One hell of a show
Living your dreams seemed to be the theme of the night, and for the four members of the Eli Young Band, that is exactly what they were doing live on the RodeoHouston stage Monday evening. After a long prelude, they got the party started with “Always the Love Songs” from their 2008 album Jet Black and Jealous. Lead singer Mike Eli, born and raised a mere 35 miles down the road in Tomball, led the rest of his band with an entertaining set list comprised of both new tunes and old favorites.
Next up was another Jet Black and Jealous hit called “Radio Waves,” which immediately had the guests in the floor seats up and two-steppin’ around the stadium.
“I grew up in these parts and always dreamed about playing RodeoHouston as a kid. (Performing here) is absolutely positively a dream come true,” Eli said just before playing “Even if it Breaks Your Heart.”
“I grew up in these parts and always dreamed about playing RodeoHouston as a kid. (Performing here) is absolutely positively a dream come true,” Eli said just before playing “Even if it Breaks Your Heart” the second single off their new album Life at Best.
He emphasized how much hard work and struggle the band has been through to make their dreams a reality, and encouraged any wannabe musicians in the audience to stick it out until they could make it happen too.
The Band slowed it down a bit with a little love song called “Say Goodnight” and then launched into the song that made them famous, “When It Rains,” as the crowd sang along to every word. Eli seemed to hit his stride when the familiar hit began and started running around the stage oozing confidence.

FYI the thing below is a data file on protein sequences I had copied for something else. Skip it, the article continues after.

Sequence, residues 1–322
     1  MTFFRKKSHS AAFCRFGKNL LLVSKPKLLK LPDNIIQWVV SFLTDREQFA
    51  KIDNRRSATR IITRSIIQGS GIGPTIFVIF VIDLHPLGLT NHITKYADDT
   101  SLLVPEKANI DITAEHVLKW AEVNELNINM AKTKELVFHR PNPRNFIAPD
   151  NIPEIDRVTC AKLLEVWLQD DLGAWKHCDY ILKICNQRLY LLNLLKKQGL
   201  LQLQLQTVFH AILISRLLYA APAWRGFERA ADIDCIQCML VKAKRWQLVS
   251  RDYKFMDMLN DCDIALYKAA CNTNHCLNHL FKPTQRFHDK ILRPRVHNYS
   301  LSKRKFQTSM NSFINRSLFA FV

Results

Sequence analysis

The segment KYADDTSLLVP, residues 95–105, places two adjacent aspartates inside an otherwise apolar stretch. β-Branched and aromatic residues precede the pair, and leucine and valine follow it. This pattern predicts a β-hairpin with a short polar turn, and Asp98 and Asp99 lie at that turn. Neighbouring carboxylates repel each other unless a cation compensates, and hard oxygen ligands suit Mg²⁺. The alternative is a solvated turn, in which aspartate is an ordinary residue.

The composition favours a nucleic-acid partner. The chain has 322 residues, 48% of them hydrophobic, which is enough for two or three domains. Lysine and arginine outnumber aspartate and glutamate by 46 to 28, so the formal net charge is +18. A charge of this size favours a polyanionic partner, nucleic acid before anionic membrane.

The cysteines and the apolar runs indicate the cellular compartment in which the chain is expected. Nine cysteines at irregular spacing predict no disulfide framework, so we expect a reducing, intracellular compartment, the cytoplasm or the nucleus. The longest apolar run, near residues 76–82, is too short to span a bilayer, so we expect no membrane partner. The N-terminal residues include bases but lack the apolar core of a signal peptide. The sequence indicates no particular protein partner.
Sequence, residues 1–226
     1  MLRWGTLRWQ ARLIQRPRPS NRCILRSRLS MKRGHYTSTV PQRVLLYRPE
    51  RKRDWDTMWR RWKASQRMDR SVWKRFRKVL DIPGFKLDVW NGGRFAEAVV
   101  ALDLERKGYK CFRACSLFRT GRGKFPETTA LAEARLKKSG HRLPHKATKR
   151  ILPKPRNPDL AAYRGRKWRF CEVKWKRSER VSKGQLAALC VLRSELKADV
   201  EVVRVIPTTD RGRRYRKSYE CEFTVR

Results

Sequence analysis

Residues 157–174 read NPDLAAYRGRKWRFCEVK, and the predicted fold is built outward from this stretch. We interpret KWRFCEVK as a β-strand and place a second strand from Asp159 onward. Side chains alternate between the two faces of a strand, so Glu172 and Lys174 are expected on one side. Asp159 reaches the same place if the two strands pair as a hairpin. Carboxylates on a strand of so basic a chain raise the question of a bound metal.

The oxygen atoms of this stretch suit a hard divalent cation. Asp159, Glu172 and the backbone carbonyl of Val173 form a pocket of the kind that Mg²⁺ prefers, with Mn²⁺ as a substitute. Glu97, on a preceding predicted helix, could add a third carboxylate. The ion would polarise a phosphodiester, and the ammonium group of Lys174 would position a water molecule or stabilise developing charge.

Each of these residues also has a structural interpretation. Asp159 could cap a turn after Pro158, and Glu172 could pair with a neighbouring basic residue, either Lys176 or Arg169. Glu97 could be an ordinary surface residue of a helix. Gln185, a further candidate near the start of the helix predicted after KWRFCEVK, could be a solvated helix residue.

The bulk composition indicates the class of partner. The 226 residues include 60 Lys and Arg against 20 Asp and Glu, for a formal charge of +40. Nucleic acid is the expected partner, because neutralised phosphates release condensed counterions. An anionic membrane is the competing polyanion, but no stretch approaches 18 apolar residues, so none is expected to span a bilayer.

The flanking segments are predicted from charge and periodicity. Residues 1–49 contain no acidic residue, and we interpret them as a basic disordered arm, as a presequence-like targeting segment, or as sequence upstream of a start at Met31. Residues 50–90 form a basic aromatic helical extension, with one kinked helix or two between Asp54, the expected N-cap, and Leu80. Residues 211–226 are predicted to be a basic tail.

Although Eli is the voice of the band, lead guitarist James Young is the heart and soul. He stole the show with his guitar playing and insane mop of curly hair that he whipped around with every riff. On the title track of Jet Black and Jealous, Young rocked the guitar while simultaneously playing the harmonica and you couldn’t help but ignore the other members on the stage.
They went way back to one of their early singles with “Oklahoma Girl” off of their 2005 album Level about a young Texas boy who falls in love with an Okie. Then came “Skeletons” and crowd favorite “Guinevere.” Eli reminisced about how the first shows he ever went to were when the rodeo was in the Astrodome, and every show afterwards that wasn’t on a giant rotating stage in an arena was a big disappointment. He gave a shout out to Tomball, Conroe and Humble before launching into “Small Town Kid.”
A highlight of the night was when the band performed a cover of my all-time favorite Skynard song, “Gimme Three Steps,” which they contributed to the Lynard Skynard tribute CD Sweet Home Alabama in 2010. Eli and Young jumped off the stage and ran around hugging and greeting fans as they performed. They closed out the show with their first No. 1 hit song “Crazy Girl” off their new album, and had everyone up on their feet dancing and clapping along.
Now I must admit that after seeing Alabama and Lady Antebellum perform earlier this week, the bar was set very high. The Eli Young Band has come a long way since I first saw them years ago in a little honky-tonk, performing for a room full of screaming high school girls. Reliant wasn’t nearly full, but for four guys from the University of North Texas in Denton, the Eli Young Band put on one hell of a show.